It is no longer strange to see people in our cities walking along with a hand on one ear. Better still, someone driving and talking to himself, which is against the traffic laws and very dangerous. These are just people using two of the latest gizmos available in the markets now. Even 20 years ago, most people around the world still relied on the good old landline telephone to speak to people far and near. We have come a long way from the days when calling some nonlocal numbers involved making a trunk booking with the exchange. Then waiting for the connection that took a good 20-30 minutes. Finally, when connected there was time only for the most important things to be communicated. It was quite common to have the whole family queued up to have a word with a relative abroad. Not to forget how people shouted thinking that the further away from the other person, the louder one has to shout.
Mobiles and iPods have played a major role in our social upheaval. To keep the conversation more private and also not disturb others around, more and more youngsters are resorting to ear-plugs for their mobiles.
Prolonged exposure to mobile phone radiation can cause headaches, dizziness and other neurological problems because part of the radio waves emitted by a mobile telephone handset are absorbed by the human head. In today’s lifestyle, when people have to travel a lot for education, work or socializing, mobiles are a great help in keeping contact; but overuse of this tiny gadget is not safe in the long run. It is a general tendency for teenagers to talk a lot. School and college hours are not being enough, they continue doing so on their mobiles-sometimes late into the night. Some of the immediate effects are disrupted sleep, stress, and fatigue.
Long hours of speaking on the mobile have been associated with the formation of memory loss and a type of brain tumor. (Some habitual users have also reported feeling unspecific symptoms like tingling sensations on the skin of the head, loss of attention and memory retention, a slowing down of reaction time, a tendency of falling depression and even loss of appetite).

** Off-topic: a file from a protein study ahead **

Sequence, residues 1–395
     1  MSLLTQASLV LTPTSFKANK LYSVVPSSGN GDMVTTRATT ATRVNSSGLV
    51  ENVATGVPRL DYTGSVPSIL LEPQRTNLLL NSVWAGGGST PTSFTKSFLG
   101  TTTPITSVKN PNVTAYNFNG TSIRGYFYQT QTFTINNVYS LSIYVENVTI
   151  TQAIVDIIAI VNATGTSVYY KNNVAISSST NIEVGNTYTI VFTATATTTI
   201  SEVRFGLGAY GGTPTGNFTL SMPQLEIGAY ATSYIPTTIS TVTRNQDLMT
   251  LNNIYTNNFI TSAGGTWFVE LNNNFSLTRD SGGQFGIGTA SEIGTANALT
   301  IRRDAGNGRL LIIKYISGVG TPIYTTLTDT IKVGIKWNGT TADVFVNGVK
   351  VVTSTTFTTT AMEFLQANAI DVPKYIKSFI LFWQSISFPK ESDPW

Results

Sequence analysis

Some would say that it blocks out the stress and strain of our crowded cities. Instead of sitting idle on the bus or train with several strangers, you might as well listen to some good music. But did our parents and grandparents not to travel? There would have been an animated exchange of news and views, with people nearby joining in. Some do not like to talk to anyone but surround themselves with familiar sounds and objects. In that case, absorbing the view from the window would certainly be a better option than the iPod. By shutting out the outer world, people are imposing their rights against an invasion of privacy. At the same time, they are bringing their sphere into the public space. Instead of trying to make new acquaintances and gathering the experience of new sights and sounds, these individuals are turning inwards and become like a galaxy of stars- that may be bright, but remain far from each other. Interaction between individuals is decreasing as they become increasingly habituated to these technological devices. Nobody would like to converse with a person who has an iPod plugged into his ears, primarily because it gives a strong signal of ‘stay-away-from-me’. It becomes a major deterrent to the conversation and after a while communication ceases to exist. This is not a positive development in any society.
There are some schools that are making every effort to minimize this effect of iPods and mobiles by not allowing students to use them in school or when going out in groups. Despite such efforts, the wave is strong and capable of great destruction. It is not the fault of technology, i.e. mobiles and iPods in the case, rather it is a fault on the part of its users, who fail to use it wisely and thus, it seems to be a curse rather than a boon. Use mobiles and but certainly do not over-use them.